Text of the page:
La Sociedad Hispanica offers two schol-
arships to the l943 Summer Session of the
National University of Mexico. Any stu-
dent who wishes to apply, please see Pro-
fessor E. A. Mercado in Room 302 Romance
Senior women interested in enlisting in
the WAVES, the WAACs, or the .SPARs
should contact Dean Alice Lloyd, Dr.
Margaret Bell, or Dr. Margaret Elliott
Tracy before applying to recruitment
headquarters. Seniors applying for these
services must have .a letter of recom-
mendation from this committee as part
of their application materials.
Alice C. Lloyd,
Dean of Women
Lecture: Pofessor Carlos Alliende, of
the University of Chile, will give the sixth
of a series of the talks on Latin America
on the subject, "Some Aspects of Chilean
Life," under the auspices of the Latin
American Society of the University of
Michigan, on Tuesday, May 4, at 8:00
p.m. in the Lecture Hall of the Rackham
Faculty, students, and townspeople are
welcome to the lecture, which will be de-
livered in English and without charge.
Biological Chemistry Seminar. will meet
on Monday, May 3, at 4:00 p.m.,in 319
West Medical Building. "The Chemistry
of the Cell-Nucleus and Cytoplasm" will
be discussed. All interested are invited.
Note change in time.
Mathematics 348, Seminar in Applied
Mathematics: Professor H. .M. Hansen will
speak on "Additional Uses of Impednce
in Vibration Problems," on Monday, May
3, at 3 o'clock in room 340, West Engineer-
Anthropology 32 will meet Monday, May
3, at 4:00 p.m. in the Auditorium of the
Water Safety Instructors' Course-will
begin Monday, May 3, at 7:30 p.m. at the
Union. Candidates should look on the
board for the room number; also bring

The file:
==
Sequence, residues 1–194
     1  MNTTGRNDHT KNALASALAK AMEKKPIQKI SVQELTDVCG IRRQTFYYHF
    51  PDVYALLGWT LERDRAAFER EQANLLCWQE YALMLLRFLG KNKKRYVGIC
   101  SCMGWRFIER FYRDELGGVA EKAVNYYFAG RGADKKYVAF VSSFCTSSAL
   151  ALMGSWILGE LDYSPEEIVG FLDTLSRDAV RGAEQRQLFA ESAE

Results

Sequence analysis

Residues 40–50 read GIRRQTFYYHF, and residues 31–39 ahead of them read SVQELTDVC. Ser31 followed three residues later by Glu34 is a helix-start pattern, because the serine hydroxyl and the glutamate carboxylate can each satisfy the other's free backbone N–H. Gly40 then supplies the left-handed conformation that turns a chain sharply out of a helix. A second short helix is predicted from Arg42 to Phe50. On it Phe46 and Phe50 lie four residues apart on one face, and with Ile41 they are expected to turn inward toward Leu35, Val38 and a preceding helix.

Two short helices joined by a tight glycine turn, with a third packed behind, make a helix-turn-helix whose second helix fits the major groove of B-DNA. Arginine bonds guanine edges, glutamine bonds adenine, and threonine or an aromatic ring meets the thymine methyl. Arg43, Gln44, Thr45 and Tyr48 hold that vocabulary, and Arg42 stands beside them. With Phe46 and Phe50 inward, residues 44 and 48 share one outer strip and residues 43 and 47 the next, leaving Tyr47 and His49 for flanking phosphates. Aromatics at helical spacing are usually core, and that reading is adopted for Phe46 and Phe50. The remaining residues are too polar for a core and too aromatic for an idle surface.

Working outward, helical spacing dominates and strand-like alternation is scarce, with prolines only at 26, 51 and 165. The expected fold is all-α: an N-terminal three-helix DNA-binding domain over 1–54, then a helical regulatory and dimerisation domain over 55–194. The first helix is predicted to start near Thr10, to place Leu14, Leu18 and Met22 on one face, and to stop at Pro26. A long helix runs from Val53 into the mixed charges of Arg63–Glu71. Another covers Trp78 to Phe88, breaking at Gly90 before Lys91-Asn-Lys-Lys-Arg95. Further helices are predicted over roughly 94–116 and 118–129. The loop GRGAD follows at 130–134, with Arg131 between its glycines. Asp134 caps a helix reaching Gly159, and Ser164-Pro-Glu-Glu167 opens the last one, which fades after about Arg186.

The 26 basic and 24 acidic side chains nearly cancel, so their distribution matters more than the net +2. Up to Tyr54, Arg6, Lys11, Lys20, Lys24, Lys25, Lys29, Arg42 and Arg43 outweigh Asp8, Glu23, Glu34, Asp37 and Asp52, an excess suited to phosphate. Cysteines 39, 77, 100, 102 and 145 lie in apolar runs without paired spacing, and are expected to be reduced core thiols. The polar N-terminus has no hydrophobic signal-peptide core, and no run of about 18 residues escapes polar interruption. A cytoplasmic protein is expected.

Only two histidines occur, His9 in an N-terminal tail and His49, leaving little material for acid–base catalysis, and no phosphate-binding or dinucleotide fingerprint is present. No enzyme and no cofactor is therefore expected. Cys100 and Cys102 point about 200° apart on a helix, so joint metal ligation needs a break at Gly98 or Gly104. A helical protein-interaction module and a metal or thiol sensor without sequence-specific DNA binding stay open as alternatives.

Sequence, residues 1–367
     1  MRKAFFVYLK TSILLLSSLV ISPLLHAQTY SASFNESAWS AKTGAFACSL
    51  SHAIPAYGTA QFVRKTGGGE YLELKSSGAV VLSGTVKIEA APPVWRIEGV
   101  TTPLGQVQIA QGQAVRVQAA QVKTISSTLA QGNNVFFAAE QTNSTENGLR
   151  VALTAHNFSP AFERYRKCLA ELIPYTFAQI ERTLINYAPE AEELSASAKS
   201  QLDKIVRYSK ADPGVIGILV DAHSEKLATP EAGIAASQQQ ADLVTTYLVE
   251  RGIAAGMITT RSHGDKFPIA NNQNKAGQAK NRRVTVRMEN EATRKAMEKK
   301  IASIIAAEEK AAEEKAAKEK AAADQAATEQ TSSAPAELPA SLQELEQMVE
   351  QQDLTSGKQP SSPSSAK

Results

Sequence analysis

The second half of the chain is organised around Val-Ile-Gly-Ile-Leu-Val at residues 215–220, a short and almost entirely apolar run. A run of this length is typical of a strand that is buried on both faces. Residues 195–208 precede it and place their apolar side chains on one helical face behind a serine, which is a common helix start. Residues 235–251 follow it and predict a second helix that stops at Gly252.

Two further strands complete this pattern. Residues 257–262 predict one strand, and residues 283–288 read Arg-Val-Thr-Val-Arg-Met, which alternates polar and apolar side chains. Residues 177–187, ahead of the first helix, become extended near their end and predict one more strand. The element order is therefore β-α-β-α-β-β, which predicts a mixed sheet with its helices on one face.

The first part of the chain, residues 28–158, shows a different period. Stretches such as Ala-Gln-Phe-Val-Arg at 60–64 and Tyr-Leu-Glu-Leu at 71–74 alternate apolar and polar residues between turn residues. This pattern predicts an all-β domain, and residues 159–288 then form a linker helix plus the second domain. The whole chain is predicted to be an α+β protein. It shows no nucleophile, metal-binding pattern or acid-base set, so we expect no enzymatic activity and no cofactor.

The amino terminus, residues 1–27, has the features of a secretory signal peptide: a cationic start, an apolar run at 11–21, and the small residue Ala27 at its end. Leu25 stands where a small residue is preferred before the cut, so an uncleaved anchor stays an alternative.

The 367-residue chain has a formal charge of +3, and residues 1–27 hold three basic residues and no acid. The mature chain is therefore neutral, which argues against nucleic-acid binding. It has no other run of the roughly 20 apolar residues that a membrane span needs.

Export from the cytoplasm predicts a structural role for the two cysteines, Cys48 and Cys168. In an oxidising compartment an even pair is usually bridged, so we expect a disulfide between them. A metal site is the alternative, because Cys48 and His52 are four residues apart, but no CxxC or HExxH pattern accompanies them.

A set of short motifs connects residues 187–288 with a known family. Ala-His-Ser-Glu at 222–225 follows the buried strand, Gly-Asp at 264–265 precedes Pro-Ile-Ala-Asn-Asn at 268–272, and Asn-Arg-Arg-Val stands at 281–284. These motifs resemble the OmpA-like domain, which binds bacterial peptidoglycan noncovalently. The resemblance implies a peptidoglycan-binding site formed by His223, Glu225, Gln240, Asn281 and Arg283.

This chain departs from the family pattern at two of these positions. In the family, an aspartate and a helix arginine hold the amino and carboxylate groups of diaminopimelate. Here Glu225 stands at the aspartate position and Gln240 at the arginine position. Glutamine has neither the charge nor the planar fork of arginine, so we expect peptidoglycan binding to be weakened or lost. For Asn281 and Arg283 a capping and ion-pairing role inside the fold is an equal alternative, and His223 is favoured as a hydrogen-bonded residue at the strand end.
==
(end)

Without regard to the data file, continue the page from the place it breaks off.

notebooks, pencils, and swimming suits.
The recital for 7:15 tonight by Percival
Price, University Carnilonneur, will consist
of compositions by Purcell and Van den
Gheyn, and a group of Soviet marches.
Charts showing the entire programs of
the spring series of recitals are available
in the office of the School of Music.
Exhibition: Pottery by Foster and Haile.
Sponsored by the Museum of Art and
Archaeology, through May 12, 2 to 5
daily except Sunday. Galleries of the
Exhibit: Museum of Art and Archaeol-
ogy, Newberry Hall. Arts and crafts of a
Roman provincial town in Egypt.
Fourteenth Annual Exhibition of Sculp-
ture in Michigan League Building. Open-
ing reception Monday, May 3, at 8:30 p.m.
Graduate Outing Club will meet at the
west entrance of the Rackham Building
on Huron Street at 2:30 p.m. today for a
Flower Hike. All graduate and profes-
sional students are welcome.
The Michigan Outing Club will go on a
bike picnic .today. , Meet in front of Hill
Auditorium at 4:30 p.m. Bring your sup-
per and swimming suits. For informa-
tion call Dan Saulson 24401 or Barbara
Karl Marx Society will meet today in
the :Union at 3:30 p.m. .The topic of the
discussion will be "The Nature of the
Soviet Union." Everyone is cordially in-
American Soiety of Mechanical Engin-
eers: "Cannon on Wings" will be the main
feature of the meeting which will be held
on Wednesday, May 5, in the Union at
7-30 p.m. This is a technicolor sound
picture describing the Bell Aircobra. "Sand
and Flame," the story of glass, will also be
shown at this meeting. All interested are
The Ann Arbor Dietetic Asdociation will
hold an open meeting at 8:00 p.m. on
Monday, May 3, in the Michigan League.
Dr' Howard B., Lewis, Professor of Bio-
logical Chemistry, will speak on "Chang-
ing Food Habits in Our Country at War."
The public is cordially invited.
The Social Service Seminar will meet
Monday .evening at 7:30 in Lane Hall. Mrs.
Harold Gray will lead the discussion on
education and public health in post-war
Delta Chapter of Delta Omega will meet
on Tuesday, May 4, in Room 16, W. Medi-
The Polonia Society will meet on Tues-
day, May 4, at 8:00 p.m. at the Inter-
national Center. Refreshments.
Senior Society will meet Monday eve-
ning at 7:15 In the League.
First Congregational Church:
9:00 a.m. Church School will have a
Fiesta breakfast, with program on Mexico.
(Continued on Page 9)